- Adductors and abductor exercises are also helpful. Take a small exercise or yoga/Pilates ball and place it between your knees and squeeze. For abductors, use a resistance band around lower thighs and perform side steps.
- Strengthening your core (including abdominals and lower back) is a great way to improve the pelvic floor muscles.
- Expert Tip! Take caution with crunches postpartum. If a woman has diastasis recti (ab separation secondary to pregnant uterus) those exercises can weaken the muscles and cause worsening of the separation.
If I do these exercises, when should I start to see improvement?
Both experts agree, you may see improvement right away or it may take several weeks to notice a real change.
Issues with urgency sometimes get better almost right away if you address bladder irritants and work on down training and releasing those pelvic floor muscles.
Stress incontinence requires a little more time to resolve because the muscles are building strength. Once you’ve figured out how to properly contract and relax your pelvic floor muscles and coordinate them with the rest of your body, you should start to see improvement in your symptoms within a couple of weeks that continues to improve over several months.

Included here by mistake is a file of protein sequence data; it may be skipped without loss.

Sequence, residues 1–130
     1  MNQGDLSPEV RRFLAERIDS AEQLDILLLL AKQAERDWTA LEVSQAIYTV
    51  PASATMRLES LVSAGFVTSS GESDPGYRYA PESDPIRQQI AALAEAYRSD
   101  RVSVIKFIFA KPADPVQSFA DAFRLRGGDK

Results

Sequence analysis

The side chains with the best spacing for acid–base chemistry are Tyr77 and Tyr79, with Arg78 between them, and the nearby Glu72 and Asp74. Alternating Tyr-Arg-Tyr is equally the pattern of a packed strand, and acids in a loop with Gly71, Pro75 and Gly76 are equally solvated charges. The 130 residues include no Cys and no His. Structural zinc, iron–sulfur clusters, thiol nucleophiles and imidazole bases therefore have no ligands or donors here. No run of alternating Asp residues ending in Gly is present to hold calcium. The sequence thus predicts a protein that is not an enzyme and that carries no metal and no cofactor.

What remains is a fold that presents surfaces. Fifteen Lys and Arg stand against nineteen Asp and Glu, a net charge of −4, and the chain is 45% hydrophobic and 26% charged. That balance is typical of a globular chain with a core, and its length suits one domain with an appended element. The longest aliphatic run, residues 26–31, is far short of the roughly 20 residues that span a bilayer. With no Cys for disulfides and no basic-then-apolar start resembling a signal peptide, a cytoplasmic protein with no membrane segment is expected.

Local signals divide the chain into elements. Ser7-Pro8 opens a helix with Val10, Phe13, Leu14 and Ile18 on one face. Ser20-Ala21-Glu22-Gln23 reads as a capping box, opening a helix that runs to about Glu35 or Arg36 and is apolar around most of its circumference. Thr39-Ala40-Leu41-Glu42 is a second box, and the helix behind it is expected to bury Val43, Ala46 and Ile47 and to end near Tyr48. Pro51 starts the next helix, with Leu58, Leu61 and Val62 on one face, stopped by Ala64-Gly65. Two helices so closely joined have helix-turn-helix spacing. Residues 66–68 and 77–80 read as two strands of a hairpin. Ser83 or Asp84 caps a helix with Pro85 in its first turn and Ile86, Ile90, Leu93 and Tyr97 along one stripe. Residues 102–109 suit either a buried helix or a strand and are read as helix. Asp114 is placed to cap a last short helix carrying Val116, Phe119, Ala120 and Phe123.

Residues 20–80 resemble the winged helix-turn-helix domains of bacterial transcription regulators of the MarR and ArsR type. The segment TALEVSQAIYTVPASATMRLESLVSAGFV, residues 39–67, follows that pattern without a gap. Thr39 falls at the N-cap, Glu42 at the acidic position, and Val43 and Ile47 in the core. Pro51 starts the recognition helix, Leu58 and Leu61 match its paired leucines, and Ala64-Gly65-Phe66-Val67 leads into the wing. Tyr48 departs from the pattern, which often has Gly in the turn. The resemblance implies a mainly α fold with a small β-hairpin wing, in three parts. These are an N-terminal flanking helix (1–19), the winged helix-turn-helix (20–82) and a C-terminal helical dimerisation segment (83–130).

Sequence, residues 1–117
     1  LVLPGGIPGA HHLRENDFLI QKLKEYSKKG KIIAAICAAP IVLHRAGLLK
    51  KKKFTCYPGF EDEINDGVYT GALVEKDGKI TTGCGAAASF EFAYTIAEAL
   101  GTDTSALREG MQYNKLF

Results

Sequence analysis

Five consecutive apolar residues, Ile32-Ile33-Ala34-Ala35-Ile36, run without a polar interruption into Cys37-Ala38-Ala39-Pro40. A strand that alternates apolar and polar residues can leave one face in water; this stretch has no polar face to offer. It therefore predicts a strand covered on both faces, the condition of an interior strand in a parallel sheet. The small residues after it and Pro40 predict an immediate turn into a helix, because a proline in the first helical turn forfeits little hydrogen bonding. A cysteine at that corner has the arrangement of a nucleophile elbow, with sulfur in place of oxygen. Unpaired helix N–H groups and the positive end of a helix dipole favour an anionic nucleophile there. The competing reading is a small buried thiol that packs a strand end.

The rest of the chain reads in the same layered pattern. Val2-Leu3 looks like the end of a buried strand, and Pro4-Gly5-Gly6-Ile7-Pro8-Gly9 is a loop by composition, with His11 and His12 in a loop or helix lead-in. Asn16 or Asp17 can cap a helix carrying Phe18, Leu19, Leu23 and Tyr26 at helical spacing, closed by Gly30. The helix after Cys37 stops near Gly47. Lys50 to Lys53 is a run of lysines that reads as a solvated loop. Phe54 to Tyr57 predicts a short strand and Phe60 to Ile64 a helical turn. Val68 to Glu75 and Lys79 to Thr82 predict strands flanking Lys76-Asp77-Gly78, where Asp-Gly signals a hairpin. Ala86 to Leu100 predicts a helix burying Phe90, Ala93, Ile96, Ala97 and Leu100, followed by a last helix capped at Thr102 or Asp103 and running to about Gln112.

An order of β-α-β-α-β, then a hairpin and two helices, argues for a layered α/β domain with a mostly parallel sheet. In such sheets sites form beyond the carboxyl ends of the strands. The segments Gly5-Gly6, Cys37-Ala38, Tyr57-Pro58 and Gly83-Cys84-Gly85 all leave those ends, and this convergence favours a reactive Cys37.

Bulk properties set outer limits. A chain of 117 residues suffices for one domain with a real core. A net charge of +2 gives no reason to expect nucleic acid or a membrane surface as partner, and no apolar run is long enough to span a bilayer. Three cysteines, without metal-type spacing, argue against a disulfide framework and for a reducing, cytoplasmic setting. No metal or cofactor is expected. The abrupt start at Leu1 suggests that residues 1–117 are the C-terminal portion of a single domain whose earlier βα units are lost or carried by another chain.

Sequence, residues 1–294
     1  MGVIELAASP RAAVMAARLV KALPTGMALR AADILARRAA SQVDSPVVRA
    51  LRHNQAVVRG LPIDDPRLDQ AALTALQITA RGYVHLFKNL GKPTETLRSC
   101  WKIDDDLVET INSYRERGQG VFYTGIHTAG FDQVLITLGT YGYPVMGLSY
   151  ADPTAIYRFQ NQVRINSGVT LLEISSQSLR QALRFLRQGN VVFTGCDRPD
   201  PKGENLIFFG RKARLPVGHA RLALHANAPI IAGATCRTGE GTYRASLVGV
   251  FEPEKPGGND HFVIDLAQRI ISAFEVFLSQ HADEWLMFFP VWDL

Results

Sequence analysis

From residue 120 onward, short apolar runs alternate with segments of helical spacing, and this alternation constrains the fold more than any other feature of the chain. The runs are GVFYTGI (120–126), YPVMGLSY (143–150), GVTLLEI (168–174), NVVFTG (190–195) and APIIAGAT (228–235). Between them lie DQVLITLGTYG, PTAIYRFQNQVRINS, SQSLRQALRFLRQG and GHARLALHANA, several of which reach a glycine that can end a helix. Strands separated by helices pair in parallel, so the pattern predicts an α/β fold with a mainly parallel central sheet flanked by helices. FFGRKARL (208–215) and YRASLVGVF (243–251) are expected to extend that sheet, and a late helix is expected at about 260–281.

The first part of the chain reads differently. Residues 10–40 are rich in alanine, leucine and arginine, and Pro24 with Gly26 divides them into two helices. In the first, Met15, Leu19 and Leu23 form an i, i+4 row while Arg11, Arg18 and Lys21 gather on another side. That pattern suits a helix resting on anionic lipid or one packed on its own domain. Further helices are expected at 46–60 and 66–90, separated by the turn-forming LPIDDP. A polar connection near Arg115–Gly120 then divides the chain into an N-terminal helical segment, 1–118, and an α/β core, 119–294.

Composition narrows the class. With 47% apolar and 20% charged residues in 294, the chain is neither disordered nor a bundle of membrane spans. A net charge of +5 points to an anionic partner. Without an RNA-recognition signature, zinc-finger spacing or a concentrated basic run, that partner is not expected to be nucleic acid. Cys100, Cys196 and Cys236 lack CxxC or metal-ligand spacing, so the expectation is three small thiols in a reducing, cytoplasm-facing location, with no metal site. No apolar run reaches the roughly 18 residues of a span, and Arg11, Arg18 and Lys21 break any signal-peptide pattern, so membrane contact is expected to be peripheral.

2. Certain foods and drinks can irritate the lining of your bladder. Can you give us a list of some of these foods that should be avoided?
Here is a list of foods that should be avoided:
- Citrus (orange, grapefruit, lemon, and lime)
- Spicy foods
- Tomato-based products
- Carbonation (including plain seltzer!)
- Artificial sweeteners
3. When should new mom’s with urinary incontinence seek medical help? Are there certain things that are normal vs. not normal?
As Samantha Spencer says, urinary incontinence is a signal that your pelvic floor is not functioning as it should. For that reason, it’s always a good idea to check in with a medical provider or a pelvic physical therapist if you’re having incontinence of any kind.
There are some times when incontinence is more common, but it’s still a good idea to mention it at your next scheduled doctor’s appointment. For example, up to one-third of pregnant people will have some degree of incontinence during late pregnancy and early postpartum, and some of that is simply due to the increased pressure of pregnancy and the early recovery process after birth. Research shows that if you’re having incontinence during pregnancy, getting support from a pelvic floor specialist may help you recover more quickly postpartum and reduce your risk of lingering incontinence after birth.
If you’re noticing incontinence for the first time after birth, you’ll definitely want to seek support if it does not resolve by 3 months postpartum.